I was wearing pj’s and slipper socks (and a hat and scarf and huddled under a blankie, because my apartment was freakishly cold). I was camped out on my insanely comfy bed. I had put on a recently-discovered, wonderfully mellow album called Beachcombers Windowsill by a band called Stornoway. I settled into all this with an obscene portion of Annie’s mac and cheese (the kind with peace sign shaped macaroni! I ask you – is there a more delightful thing in all the world than macaroni shaped like peace signs? Aside from the pure whimsy of it, the shape provides the macaroni with a texture that is pure delish.)

In short, it was the perfect storm of comfiness and awesome, and on top of all that I had what turned out to be not just a romantic ya novel by two of my favorite authors but a CHRISTMAS romantic ya novel by two of my favorite authors, and Christmas romantic ya novels are only one of my favorite things EVER.

How could I resist?

Pangs of guilt plagued me throughout the evening (particularly when my sister came home from work and I know she was silently judging me, because she changed the radio station away from All I Want For Christmas Is You…a story she had told me…more than once.).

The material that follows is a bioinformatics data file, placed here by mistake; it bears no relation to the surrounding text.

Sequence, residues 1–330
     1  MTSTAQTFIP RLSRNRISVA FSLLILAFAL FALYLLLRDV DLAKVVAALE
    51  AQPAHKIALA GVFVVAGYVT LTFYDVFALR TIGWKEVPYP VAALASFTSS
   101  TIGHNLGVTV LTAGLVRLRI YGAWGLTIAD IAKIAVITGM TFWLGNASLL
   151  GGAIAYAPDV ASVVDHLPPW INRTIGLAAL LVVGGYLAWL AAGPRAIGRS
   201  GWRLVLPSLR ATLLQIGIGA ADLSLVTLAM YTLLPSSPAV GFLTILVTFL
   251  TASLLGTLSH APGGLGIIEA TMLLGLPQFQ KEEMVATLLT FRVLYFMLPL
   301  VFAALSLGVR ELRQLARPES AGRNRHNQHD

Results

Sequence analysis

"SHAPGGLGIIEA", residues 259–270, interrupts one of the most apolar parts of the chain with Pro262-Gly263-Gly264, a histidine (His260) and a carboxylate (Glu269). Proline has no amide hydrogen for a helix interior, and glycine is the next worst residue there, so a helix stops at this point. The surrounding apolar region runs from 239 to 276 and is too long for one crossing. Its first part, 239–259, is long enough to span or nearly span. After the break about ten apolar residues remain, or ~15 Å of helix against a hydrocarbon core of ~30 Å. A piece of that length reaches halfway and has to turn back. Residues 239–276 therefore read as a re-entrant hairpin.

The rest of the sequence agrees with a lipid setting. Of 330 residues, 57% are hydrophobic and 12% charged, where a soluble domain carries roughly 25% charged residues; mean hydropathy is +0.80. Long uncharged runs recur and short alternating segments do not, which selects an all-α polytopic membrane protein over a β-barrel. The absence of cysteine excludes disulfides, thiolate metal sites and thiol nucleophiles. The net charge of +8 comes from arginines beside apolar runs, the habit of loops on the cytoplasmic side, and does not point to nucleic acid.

Any pangs of guilt were quickly erased by how happy I was in that moment, however.

It takes very few, very simple things to make me feel a genuine sense of peace; being cuddled up with my peace-pasta and Cohn-Levithan holiday brilliance was all it took for me to transcend the crapiness that had been my week up until then to attain a state of pure joy.

Also, the book was really good, so I’m not really sorry I read it.

I’m a terrible summary-writer but this book is about cynical Dash (hater of Christmas) and sweet Lily (lover of Christmas) who meet when he discovers a red notebook containing literary clues which she had left on a shelf at her favorite book store. Dash follows the clues, and leaves some more for Lily, who leaves more for him – and so on and so on, until they begin sharing more and more of themselves through the red notebook and the question of if they will meet and how that will turn out looms ever bigger.

I’m an even worse reviewer than I am a summarist, but here it goes. Like both of Cohn and Levithan’s novels before it, Dash and Lily paints a loving and very appealing portrait of New York City. It develops teen characters with depth, it entertains with its cleverness and humor and poignancy, and it discusses some complicated themes in a thoughtful and often insightful manner. It also contains within its pages a brilliant (truly brilliant) satiric depiction of a Pixar-like film called Collation about a stapler who falls in love with a piece of paper. For real – it is brilliant.

So, if you are open to reading a charming and sweet (but not at all saccharine or too-try-y-hard-y) holiday romance about teenagers, well I very definitely recommend this one. Snuggle up with some mac and cheese (preferably the kind whose cheese begins as a powder) and some sweet tunes and a warm blanket, and I dare you not to feel at least a little bit happy.

Of course maybe don’t pick the book up until November the 26th so that at least one of us is adhering to my unbreakable (but sort of breakable) Rule of Life. It is a pretty important one, after all, even if I can’t seem to follow it.